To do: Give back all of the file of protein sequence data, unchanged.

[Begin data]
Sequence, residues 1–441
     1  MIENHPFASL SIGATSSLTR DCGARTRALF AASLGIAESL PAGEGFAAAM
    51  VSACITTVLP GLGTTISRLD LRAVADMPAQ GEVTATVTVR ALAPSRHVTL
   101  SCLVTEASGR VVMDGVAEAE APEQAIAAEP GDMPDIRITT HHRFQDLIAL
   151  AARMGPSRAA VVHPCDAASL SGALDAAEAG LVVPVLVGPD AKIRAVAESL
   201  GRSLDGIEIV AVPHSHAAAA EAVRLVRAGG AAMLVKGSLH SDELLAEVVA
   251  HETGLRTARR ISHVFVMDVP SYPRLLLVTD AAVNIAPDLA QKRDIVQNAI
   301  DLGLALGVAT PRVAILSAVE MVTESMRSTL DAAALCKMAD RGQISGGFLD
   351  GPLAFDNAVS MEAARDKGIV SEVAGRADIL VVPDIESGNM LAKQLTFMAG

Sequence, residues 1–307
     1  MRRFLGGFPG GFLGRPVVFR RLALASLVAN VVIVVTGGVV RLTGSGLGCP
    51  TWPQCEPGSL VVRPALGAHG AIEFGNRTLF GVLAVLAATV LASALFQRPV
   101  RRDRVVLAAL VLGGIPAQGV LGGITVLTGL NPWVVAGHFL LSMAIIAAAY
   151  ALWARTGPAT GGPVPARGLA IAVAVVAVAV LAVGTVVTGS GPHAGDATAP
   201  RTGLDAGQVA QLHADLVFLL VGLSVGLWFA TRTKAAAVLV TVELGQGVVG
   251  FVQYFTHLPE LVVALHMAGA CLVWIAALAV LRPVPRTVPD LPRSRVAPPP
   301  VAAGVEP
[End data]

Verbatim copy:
Sequence, residues 1–441
     1  MIENHPFASL SIGATSSLTR DCGARTRALF AASLGIAESL PAGEGFAAAM
    51  VSACITTVLP GLGTTISRLD LRAVADMPAQ GEVTATVTVR ALAPSRHVTL
   101  SCLVTEASGR VVMDGVAEAE APEQAIAAEP GDMPDIRITT HHRFQDLIAL
   151  AARMGPSRAA VVHPCDAASL SGALDAAEAG LVVPVLVGPD AKIRAVAESL
   201  GRSLDGIEIV AVPHSHAAAA EAVRLVRAGG AAMLVKGSLH SDELLAEVVA
   251  HETGLRTARR ISHVFVMDVP SYPRLLLVTD AAVNIAPDLA QKRDIVQNAI
   301  DLGLALGVAT PRVAILSAVE MVTESMRSTL DAAALCKMAD RGQISGGFLD
   351  GPLAFDNAVS MEAARDKGIV SEVAGRADIL VVPDIESGNM LAKQLTFMAG

Sequence, residues 1–307
     1  MRRFLGGFPG GFLGRPVVFR RLALASLVAN VVIVVTGGVV RLTGSGLGCP
    51  TWPQCEPGSL VVRPALGAHG AIEFGNRTLF GVLAVLAATV LASALFQRPV
   101  RRDRVVLAAL VLGGIPAQGV LGGITVLTGL NPWVVAGHFL LSMAIIAAAY
   151  ALWARTGPAT GGPVPARGLA IAVAVVAVAV LAVGTVVTGS GPHAGDATAP
   201  RTGLDAGQVA QLHADLVFLL VGLSVGLWFA TRTKAAAVLV TVELGQGVVG
   251  FVQYFTHLPE LVVALHMAGA CLVWIAALAV LRPVPRTVPD LPRSRVAPPP
   301  VAAGVEP